Cells were stained for keratin K19 as described in example 1 but using keratin K19 (BA17 and RCK108, DAKO, Glostrup, Denmark) as primary antibody, see also Table 4. Thus, keratin K19 was identified as a distinctive trait expressed only by the suprabasal-derived epithelial cells (Table 1). This difference in phenotype was confirmed further by reverse transcription PCR (RT-PCR), immunoblotting and immunostaining (FIG. 5A-C).

RNA isolation and reverse transcription PCR were performed as follows: Total RNA was extracted from monolayer cultures with Trizol® according to the manufacturer's instructions (Life Technologies, Tåstrup, Denmark). DNase-treated (DNase I Amp Grade, Life Technologies, Tåstrup, Denmark) total RNA (1.3 μg) was used as template for first strand synthesis with oligo dT primers (SuperScript First-Strand Synthesis System for RT-PCR, Life Technologies, Tåstrup, Denmark) in a 20 μl volume. A volume of 1 μl from this cDNA served as template for the subsequent PCR-amplifications in a PE 9700 thermal cycler with a heated lid (Applied Biosystems, Nœrum, Denmark), using primers (purchased from TAG Copenhagen, Copenhagen, Denmark) specific for HPV16 E6 and E7 (HPV16 E6 and HPV16 E7, respectively), keratin K19 (K19), sialomucin (MUC1), α-smooth muscle actin (αSM Actin) and glyceraldehyde 3-phosphate dehydrogenase (GAPDH). The primer sequences, annealing temperature (TA) and number of amplification cycles for each reaction, as well as the resulting product size are listed below (Table 2). Each PCR-reaction was initiated with a 15 min incubation step at 95° C., followed by the specified number of cycles with denaturation at 94° C., annealing at the specified TA, and extension at 72° C., for 1 min each, followed by a final extension step at 72° C. for 7 min. Each reaction was performed in a 50 μl volume containing 2.5U HotStar taq polymerase (Qiagen, KEBO Lab A/S, Albertslund, Denmark), 10×PCR buffer including MgCl2 (Qiagen, KEBO Lab A/S, Albertslund, Denmark), 200 μM dNTP (Roche, Hvidovre, Denmark) and 200 nM of forward and reverse primers.

Control amplification was performed on RNA samples not subjected to reverse transcription to verify that no contaminating genomic DNA was present (data not shown). The PCR products were analysed by electrophoresis in 1.5% agarose gels (GibcoBRL, Life Technologies, Tåstrup, Denmark).

Brieflly, the immunoblotting was performed by lysing semi-confluent T-25 flasks of luminal- and suprabasal-derived epithelial cells, and T47D breast cancer cells (positive control;) for 30 min at 4° C. in buffer containing 1% Triton X-100 (Merck, Darmstadt, Germany), 1% deoxycholic acid (Sigma-Aldrich, Vallensbœk, Denmark), 10% glycerol (Apotek Austurbœjar, Reykjvik, Iceland), 20 mM Tris-HCl (USB, Cleveland, Ohio, US), pH 7.5,150 mM NaCl (Merck, Darmstadt, Germany), 2.5 mM EDTA (Titriplex II, Merck, Darmstadt, Germany), 1 mM PMSF(phenylmethylsulfonyl flouride, Sigma-Aldrich, Vallensbœk, Denmark), 1% aprotinin (trasylol, Sigma-Aldrich, Vallensbœk, Denmark), 100 μM NaVO3 (Sigma-Aldrich, Vallensbœk, Denmark). The lysates were centrifuged and samples were subjected to 12% SDS-PAGE and run at 35 mV for 4 hours. The loading of lanes was equilibrated based on protein determinations by the Bio-Rad protein assay (Bio-Rad Laboratories, Hercules, Calif.). The samples were electrophoretically transferred to Immun-Blot PVDF Membrane (BioRad Laboratories, Hercules, Calif.) at 400 mA for 3-4 h at 4° C. in 20% methanol (Merck, Darmstadt, Germany), 0.2 M glycine (USB, Cleveland, Ohio, US), and 25 mM Tris-HCl (USB, Cleveland, Ohio, US). Blots were blocked in phosphate-buffered saline containing 5% dried milk (Osta og Smjörsalan, Reykjavik, Iceland) and 0.05% Tween-20 (USB, Cleveland, Ohio, US) for 1 h at room temperature before probing with anti-keratin K19. The blots were washed three times for 10 min in phosphate-buffered saline containing 0.05% Tween-20 (USB, Cleveland, Ohio, US) and then incubated with the anti-mouse IgG, horseradish peroxidase linked whole antibody (NA931, Amersham Pharmacia Biotech, Amersham, UK). After washing, bound antibodies were visualized using the ECL immunoblotting detection system (Amersham Pharmacia Biotech, Amersham, UK).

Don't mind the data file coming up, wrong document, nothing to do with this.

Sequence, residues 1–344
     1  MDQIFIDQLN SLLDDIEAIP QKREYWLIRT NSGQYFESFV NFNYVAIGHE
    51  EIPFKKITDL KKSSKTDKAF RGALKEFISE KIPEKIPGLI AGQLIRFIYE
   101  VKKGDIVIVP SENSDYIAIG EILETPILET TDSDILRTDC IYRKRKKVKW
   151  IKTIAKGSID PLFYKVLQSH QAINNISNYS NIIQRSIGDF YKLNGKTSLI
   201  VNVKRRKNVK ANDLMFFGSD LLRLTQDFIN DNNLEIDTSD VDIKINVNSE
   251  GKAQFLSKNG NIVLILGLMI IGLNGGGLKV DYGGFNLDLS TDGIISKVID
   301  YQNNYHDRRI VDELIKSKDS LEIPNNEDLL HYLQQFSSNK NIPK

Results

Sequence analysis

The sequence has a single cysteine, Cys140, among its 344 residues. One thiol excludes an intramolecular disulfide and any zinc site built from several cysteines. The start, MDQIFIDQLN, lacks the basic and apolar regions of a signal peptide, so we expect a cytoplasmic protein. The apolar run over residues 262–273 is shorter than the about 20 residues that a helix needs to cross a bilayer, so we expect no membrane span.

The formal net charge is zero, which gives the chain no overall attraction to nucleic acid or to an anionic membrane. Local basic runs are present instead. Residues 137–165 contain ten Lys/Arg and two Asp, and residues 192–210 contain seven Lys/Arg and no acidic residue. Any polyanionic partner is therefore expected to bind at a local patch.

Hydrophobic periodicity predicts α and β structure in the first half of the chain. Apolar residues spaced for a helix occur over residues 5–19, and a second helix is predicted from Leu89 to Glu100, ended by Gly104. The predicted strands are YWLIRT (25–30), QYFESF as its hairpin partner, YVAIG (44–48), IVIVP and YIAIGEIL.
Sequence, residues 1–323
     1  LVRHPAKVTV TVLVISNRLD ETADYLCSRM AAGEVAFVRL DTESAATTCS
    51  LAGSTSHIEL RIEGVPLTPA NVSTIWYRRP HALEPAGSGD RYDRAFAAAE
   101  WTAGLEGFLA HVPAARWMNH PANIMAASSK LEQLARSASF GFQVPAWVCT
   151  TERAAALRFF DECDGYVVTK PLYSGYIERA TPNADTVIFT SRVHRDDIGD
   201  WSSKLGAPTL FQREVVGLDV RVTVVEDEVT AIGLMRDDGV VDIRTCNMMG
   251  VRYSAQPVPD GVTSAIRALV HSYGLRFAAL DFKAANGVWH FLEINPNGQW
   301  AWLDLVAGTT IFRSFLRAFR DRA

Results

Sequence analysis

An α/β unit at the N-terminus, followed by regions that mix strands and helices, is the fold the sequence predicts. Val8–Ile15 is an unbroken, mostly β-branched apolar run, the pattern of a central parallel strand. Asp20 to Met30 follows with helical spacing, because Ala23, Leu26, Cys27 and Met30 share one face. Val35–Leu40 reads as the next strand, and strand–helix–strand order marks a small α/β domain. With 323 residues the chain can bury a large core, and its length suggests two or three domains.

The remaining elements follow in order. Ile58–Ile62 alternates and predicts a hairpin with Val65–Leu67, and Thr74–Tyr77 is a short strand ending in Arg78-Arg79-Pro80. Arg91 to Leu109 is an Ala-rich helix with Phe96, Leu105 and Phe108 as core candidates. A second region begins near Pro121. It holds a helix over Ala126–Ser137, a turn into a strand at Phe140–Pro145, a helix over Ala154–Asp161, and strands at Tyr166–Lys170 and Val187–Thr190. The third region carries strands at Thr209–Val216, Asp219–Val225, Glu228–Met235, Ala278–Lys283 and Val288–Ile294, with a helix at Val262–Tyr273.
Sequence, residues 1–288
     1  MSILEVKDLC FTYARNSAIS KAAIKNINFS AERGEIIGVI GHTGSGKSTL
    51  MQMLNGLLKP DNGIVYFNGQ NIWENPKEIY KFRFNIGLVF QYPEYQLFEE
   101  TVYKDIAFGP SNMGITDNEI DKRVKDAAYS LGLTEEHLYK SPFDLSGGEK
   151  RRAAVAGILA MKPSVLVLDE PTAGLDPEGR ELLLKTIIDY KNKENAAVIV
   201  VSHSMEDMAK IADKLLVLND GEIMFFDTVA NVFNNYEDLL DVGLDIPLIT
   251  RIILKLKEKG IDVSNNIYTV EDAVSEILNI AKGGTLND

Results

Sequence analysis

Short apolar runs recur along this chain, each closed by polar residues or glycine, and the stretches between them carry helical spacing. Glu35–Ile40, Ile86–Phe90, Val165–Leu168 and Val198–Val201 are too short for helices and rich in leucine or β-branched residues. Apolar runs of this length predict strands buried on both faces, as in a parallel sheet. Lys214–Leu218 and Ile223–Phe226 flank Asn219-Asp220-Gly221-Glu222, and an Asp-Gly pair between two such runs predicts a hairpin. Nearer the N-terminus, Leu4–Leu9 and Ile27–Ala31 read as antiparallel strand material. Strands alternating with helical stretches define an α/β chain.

Immunostaining was preformed as described previously. Primary antibodies directed against keratin K19 (BA17 and RCK108, DAKO, Glostrup, Denmark) were used, see also Table 4.

In tissue sections of normal breast the present inventors found a limited expression of keratin K19 including staining of suprabasal cells (FIG. 6 a, arrow), whereas in the majority of breast carcinomas, the neoplastic epithelial cells stain positive for keratin K19 (FIG. 6 b). If the keratin K19+ cells were indeed potential stem cells, then the suprabasal-derived epithelial cell line should show evidence of multipotency with regard to keratin K19 expression. As seen in FIG. 7A, clones could be identified which diversified into both K14+ and K19+ cells. Similarly, cloning in laminin-rich gels also resulted in formation of TDLU structures, which showed correct segregation of cells into suprabasally/luminally positioned K19+ cells and basally located K14+ cells (FIG. 7B).